Jesus is a master of timing. This particular Gospel reading showed up yesterday and, as always, it unsettled me. When Jesus says something that irks me, I’ve learned to recognize it as a signal that something inside is not as in tune with the Lord’s will as it should be. I asked for a little spiritual guidance.

As I prayed about it, it came to me that one of my spiritual weaknesses is a family-centric selfishness. I prefer to give my time to causes and events that involve me, my wife or my children. Everything else gets second priority. I do participate in non-family causes, but they get more scrutiny than giving of my time and talent to something that involves family, even if the particular family event is watching a rerun on TV. We’re “empty nesters” now and 3 of our children live many states away from us. Simply put, we have time available to give.

Jesus’ comments were not a dig at his mother; far from it. They were His reminder that our family is the Body of Christ; it’s much larger than our biological lineage. And my whole family deserves all the love of my nearby family.

That’s the revelation for today. Stay tuned to see whether I actually turn the lesson into practice. (And pray for me!)

More later.

Get up. Again.

How many times have you heard the parable of the seed that fell on fertile ground? You know the one I mean; from Chapter 8 of Luke, verses 4-15. “ While a large crowd was gathering and people were coming to Jesus from town after town, he told this parable:  “A farmer went out to sow his seed. As he was scattering the seed, some fell along the path; it was trampled on, and the birds ate it up. Some fell on rocky ground, and when it came up, the plants withered because they had no moisture. Other seed fell among thorns, which grew up with it and choked the plants. Still other seed fell on good soil. It came up and yielded a crop, a hundred times more than was sown.”

When he said this, he called out, “Whoever has ears to hear, let them hear.”

His disciples asked him what this parable meant. He said, “The knowledge of the secrets of the kingdom of God has been given to you, but to others I speak in parables, so that, “‘though seeing, they may not see; though hearing, they may not understand.’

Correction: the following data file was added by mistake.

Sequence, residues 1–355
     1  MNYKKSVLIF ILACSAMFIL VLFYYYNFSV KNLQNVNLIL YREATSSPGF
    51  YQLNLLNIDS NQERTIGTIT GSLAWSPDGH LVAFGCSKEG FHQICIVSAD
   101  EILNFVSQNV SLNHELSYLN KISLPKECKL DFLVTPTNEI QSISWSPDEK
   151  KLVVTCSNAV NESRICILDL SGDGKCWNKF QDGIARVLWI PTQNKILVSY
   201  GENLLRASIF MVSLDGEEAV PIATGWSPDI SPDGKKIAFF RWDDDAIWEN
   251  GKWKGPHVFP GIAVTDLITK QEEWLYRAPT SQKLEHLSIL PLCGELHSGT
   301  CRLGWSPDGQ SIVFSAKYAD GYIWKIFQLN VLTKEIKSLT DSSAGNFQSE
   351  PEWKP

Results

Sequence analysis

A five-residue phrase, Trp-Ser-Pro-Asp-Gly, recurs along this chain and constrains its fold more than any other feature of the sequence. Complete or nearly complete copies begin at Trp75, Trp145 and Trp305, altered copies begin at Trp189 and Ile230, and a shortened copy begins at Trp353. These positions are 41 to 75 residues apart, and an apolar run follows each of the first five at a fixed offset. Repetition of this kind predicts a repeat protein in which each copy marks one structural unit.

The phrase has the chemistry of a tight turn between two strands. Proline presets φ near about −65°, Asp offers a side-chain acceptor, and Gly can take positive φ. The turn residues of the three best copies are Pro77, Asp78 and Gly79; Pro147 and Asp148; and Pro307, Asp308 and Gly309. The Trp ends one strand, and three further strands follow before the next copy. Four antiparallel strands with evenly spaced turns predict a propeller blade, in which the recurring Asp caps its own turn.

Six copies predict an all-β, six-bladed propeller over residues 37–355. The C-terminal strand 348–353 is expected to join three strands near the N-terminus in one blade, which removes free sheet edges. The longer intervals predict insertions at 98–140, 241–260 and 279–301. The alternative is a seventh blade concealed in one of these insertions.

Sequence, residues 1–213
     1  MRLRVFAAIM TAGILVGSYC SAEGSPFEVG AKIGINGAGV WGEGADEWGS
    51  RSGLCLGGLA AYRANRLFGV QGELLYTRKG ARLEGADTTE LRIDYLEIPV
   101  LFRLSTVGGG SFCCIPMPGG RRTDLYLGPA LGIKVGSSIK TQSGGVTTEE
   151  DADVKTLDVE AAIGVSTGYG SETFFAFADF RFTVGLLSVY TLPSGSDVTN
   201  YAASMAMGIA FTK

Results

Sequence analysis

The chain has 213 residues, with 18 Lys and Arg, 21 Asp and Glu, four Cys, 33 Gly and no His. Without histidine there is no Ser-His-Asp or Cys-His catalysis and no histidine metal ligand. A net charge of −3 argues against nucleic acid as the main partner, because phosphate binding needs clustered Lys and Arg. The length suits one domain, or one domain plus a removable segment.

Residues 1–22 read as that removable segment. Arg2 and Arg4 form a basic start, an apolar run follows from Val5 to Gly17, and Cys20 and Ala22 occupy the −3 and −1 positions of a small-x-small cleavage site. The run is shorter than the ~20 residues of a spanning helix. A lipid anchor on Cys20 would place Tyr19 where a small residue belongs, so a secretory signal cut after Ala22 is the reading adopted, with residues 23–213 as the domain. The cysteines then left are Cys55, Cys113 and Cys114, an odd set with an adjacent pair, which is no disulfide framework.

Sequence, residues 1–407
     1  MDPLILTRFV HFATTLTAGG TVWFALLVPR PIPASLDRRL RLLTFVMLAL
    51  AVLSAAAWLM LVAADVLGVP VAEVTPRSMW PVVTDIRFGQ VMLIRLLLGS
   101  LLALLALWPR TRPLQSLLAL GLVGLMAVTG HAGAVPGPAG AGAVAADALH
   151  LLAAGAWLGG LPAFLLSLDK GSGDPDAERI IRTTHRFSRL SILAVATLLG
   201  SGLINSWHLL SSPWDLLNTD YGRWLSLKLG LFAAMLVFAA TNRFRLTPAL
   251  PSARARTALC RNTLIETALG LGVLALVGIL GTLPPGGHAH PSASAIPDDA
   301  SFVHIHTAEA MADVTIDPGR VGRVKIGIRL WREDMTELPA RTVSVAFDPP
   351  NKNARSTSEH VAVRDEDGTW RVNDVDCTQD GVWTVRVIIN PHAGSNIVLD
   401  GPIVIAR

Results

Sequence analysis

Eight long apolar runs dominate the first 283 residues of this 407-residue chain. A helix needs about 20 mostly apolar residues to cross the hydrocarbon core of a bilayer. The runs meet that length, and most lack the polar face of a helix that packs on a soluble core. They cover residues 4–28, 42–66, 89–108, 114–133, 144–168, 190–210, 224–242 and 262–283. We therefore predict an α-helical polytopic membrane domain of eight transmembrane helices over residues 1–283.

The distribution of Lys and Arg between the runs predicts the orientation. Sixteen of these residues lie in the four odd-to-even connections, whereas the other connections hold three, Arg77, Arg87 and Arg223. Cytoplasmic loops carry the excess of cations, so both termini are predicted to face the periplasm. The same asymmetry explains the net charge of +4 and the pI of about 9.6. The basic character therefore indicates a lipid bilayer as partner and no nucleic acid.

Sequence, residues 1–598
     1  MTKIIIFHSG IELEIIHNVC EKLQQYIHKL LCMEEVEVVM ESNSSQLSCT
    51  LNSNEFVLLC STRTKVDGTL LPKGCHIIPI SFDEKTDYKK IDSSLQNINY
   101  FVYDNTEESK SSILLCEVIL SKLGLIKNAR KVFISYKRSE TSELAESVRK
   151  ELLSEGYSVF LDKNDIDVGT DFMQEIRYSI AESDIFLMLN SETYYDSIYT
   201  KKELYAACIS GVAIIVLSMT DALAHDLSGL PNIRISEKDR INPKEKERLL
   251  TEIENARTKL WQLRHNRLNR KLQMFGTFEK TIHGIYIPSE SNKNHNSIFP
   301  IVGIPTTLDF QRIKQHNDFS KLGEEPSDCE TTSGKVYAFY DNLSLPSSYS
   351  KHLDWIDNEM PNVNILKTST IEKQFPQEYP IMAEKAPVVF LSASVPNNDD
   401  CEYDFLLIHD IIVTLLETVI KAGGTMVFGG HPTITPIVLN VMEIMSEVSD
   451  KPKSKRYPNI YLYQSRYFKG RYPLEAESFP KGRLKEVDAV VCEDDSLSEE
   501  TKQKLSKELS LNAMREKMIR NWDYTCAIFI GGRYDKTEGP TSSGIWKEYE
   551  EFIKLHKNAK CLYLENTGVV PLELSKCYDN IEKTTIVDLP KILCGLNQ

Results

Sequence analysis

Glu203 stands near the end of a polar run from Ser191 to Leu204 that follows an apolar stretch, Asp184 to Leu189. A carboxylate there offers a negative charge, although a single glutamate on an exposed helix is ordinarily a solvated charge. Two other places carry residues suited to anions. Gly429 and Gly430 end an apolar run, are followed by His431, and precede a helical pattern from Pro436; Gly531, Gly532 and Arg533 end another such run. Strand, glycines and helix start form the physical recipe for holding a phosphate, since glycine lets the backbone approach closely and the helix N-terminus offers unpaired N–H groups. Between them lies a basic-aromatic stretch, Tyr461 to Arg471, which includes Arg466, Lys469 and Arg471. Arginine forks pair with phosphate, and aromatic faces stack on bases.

“This is the meaning of the parable: The seed is the word of God. Those along the path are the ones who hear, and then the devil comes and takes away the word from their hearts, so that they may not believe and be saved. Those on the rocky ground are the ones who receive the word with joy when they hear it, but they have no root. They believe for a while, but in the time of testing they fall away. The seed that fell among thorns stands for those who hear, but as they go on their way they are choked by life’s worries, riches and pleasures, and they do not mature.  But the seed on good soil stands for those with a noble and good heart, who hear the word, retain it, and by persevering produce a crop.”

I must have heard that particular parable and Jesus’ explanation of it hundreds of times. It’s a good, sturdy, reliable story. But the part that never struck me until now was the last phrase; “by persevering, produce a good crop.” Once again, God is calling me to keep at it.

Earlier this week, our men’s faith sharing group was reading Dan Burke’s book on prayer called, “Into The Deep.” While describing the challenges of meditation as a brain filled with noisy monkeys (it’s a great analogy), Dan acknowledged that, “The world, the flesh and the devil are all arrayed against you. Even so, God is greater than all these forces, and if you cooperate with him and get up every time you fall, you will find greater success than you ever imagined possible.”

I have a rule in my faith. If I see a message twice within a few days, my rule is that God is trying to get my attention. He got it on this one. I don’t have to win. I don’t have to succeed every time I try. God doesn’t hold me accountable for the results. God just asks me to keep the faith and to keep on trying. In prayer, in love, in pursuit of sainthood, victory isn’t achieved through greatness or strength or brilliance. Victory in faith comes when we simply keep returning to Jesus. No matter how we’ve failed, or even how we’ve failed to try; all God asks is that this time we get up once more and accept his love and try again.